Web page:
What is normal female fertility, and how is it affected by cancer treatment?

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A woman's ovary contains many thousands of follicles. Each follicle contains a single egg.

During each menstrual cycle, a few immature follicles begin to grow but only one goes on to mature and release its egg. Only one egg is released from the ovary each month in a process called ovulation. After the egg leaves the ovary, it is swept up into the fallopian tube where it can be fertilized by sperm.

The ovary contains a fixed number of follicles at birth. This is called the ovarian reserve. During a woman's lifetime, no new follicles are formed.

The number of follicles in the ovarian reserve declines naturally with age, decreasing sharply around age 37 until menopause around age 50. While age is one way to gauge a woman's fertility, it's actually based on the number of follicles left in her ovarian reserve.

Cancer treatments like chemotherapy and radiation can destroy the follicles in the ovary, which speeds up the natural decline of the ovarian reserve. This can cause temporary or even early menopause.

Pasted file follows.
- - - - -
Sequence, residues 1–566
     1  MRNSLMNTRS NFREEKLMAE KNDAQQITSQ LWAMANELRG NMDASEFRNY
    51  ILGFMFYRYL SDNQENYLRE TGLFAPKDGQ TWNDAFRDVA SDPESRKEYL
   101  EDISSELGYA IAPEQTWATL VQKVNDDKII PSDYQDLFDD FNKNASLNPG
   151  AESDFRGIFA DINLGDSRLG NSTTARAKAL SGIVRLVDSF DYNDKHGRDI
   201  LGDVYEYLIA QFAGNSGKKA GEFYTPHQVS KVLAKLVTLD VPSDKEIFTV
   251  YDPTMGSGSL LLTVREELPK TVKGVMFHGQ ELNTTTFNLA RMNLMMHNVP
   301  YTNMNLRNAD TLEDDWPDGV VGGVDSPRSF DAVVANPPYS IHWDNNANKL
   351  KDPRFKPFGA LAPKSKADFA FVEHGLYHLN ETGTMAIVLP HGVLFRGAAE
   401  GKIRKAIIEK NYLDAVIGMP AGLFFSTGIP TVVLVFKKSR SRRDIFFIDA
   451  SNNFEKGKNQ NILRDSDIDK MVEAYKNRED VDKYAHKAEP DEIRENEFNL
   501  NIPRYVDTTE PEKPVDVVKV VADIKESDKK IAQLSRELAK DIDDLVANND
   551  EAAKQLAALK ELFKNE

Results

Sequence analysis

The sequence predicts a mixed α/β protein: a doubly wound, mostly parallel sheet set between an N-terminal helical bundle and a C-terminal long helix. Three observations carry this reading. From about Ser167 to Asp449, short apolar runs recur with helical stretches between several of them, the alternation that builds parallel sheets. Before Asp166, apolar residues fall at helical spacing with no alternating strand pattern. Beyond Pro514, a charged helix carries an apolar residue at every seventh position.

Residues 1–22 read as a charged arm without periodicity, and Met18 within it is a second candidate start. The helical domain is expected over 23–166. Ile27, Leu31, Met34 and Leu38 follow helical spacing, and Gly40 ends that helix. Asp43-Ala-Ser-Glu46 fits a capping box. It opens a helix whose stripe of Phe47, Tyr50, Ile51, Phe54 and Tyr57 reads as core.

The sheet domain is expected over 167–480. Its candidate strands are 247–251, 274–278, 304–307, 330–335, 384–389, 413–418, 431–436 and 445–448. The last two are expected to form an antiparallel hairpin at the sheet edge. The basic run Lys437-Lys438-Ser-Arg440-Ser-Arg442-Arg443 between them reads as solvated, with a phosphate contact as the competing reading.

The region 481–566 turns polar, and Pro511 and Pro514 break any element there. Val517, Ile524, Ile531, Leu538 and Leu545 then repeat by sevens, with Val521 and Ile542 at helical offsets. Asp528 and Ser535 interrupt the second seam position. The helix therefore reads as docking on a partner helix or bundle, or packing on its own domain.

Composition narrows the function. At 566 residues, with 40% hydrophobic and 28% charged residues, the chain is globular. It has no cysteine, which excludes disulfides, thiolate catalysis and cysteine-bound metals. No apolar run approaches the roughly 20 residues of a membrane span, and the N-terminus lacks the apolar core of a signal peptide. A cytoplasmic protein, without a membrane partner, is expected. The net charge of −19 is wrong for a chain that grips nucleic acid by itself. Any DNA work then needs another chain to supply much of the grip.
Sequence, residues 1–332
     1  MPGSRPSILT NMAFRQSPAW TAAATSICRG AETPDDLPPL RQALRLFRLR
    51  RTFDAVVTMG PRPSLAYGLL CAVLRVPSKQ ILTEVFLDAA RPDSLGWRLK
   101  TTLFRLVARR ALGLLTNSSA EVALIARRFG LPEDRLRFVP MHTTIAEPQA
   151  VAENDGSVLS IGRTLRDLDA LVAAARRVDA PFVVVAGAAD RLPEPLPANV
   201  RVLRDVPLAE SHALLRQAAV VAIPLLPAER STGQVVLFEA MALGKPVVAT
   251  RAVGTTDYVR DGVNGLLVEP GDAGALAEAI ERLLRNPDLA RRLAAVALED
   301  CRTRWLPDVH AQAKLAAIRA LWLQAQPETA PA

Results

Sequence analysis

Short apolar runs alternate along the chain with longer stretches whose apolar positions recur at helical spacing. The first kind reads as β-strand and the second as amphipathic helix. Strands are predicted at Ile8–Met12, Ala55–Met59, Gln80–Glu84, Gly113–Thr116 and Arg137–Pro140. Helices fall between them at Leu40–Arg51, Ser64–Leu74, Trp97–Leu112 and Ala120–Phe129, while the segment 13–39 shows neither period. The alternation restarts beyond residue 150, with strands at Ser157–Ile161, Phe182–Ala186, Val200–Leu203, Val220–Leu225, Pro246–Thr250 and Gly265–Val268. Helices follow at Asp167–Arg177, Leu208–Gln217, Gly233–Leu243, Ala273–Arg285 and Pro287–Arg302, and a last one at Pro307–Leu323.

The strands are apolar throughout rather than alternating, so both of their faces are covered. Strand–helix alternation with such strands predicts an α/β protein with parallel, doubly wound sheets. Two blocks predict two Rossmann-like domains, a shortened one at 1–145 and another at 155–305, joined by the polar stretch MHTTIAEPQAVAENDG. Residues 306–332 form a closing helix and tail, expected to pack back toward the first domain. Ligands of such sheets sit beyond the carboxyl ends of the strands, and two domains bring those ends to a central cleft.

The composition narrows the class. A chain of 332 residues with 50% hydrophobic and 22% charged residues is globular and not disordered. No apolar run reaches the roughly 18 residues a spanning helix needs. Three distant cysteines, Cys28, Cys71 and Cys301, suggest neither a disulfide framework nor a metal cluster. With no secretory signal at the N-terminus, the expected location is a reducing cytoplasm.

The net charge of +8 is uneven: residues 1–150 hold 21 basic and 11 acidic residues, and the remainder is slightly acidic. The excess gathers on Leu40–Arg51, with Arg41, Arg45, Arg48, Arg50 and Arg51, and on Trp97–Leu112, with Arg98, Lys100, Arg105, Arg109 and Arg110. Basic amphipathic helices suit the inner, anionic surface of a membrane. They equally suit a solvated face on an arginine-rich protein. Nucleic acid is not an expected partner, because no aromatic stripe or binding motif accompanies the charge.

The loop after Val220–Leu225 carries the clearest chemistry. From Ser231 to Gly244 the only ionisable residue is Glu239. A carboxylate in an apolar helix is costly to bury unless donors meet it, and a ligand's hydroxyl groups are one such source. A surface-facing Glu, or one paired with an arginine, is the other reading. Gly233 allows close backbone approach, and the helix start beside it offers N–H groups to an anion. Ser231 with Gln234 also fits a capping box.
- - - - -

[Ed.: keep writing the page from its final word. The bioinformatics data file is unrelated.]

Chemotherapy uses drugs that target rapidly-growing cells, like cancer cells. But these drugs can also damage healthy tissues. Because follicles grow rapidly in the ovary, they are very sensitive to chemotherapy.

Some chemotherapy only affects mature follicles and the eggs inside them. This means that a woman could lose her menstrual cycle during treatment, but because she still has immature follicles left in her ovarian reserve, she may start having her period again once treatment is over.
However, other kinds of chemotherapy, especially alkylating agents, can also damage the immature follicles in the ovarian reserve. These therapies can cause early menopause even in young women and girls.

Radiation therapy can also affect a woman's fertility, depending on which part of her body is treated. Radiation to the abdomen or reproductive organs can damage follicles in the ovarian reserve and can also damage the uterus, affecting the ability to carry a healthy pregnancy. Radiation to hormone-producing areas of the brain may also impact fertility by blocking normal hormone production.

Not all cancer treatments impact fertility the same way for all women. It is important to talk with a doctor to determine which cancer treatments are available and to understand how those treatments might affect a woman's fertility.